Leo Tolstoy was interested in everything, including everything that hadn’t yet happened, and he expressed his views strongly on Brexit.
He seems at first to support Brexit
“The people cannot help knowing; the sense of their own destinies is always in the people, and at such moments as the present [referendum] that sense finds utterance,”
But he is doubtful about the motives of some of those who voted for Brexit.
“Among eighty [make that sixty] millions of people there can always be found not hundreds, as now, but tens of thousands of people who have lost caste, ne’er-do-wells, who are always ready to go anywhere [vote for anything].” (He also here alludes to recruitment to ISIS.)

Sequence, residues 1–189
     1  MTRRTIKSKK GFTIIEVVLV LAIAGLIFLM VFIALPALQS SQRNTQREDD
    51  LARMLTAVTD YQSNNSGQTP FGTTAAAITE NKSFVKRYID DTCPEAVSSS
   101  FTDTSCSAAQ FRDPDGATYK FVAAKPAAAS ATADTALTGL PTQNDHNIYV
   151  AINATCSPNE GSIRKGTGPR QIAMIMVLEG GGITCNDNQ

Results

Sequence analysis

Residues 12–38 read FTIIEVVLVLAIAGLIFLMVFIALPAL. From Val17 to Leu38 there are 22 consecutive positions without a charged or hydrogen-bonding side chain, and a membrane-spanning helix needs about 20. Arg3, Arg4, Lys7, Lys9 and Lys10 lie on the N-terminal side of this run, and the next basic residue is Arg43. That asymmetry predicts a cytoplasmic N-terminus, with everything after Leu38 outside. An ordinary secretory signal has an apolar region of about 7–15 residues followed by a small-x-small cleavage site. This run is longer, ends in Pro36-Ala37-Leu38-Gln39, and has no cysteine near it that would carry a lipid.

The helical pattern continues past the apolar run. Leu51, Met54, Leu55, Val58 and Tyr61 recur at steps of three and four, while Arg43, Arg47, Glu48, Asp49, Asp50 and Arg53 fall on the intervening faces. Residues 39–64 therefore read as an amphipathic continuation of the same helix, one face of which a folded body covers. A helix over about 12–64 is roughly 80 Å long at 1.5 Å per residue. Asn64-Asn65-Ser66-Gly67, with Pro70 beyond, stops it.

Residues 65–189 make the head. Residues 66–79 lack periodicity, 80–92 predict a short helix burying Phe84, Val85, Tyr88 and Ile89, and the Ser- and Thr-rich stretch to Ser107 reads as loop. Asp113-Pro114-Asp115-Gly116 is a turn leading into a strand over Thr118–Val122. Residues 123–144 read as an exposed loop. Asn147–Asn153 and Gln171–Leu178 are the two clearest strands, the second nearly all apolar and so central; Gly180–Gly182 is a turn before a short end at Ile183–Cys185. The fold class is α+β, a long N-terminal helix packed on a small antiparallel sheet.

Then he suggests (and David Cameron might now agree) that measuring the will of the people “by the heart” may be better than a referendum.
“If you want to learn the spirit of the people by arithmetical computation, of course it’s very difficult to arrive at it. And voting…does not express the will of the people; but there are other ways of reaching that. It is felt in the air, it is felt by the heart.”
Finally, he was unimpressed by the role of the media in the campaign.
“All the newspapers do say the same thing. That’s true. But so it is the same thing that all the frogs croak before a storm. One can hear nothing for them.”
All quotes are from Anna Karenina.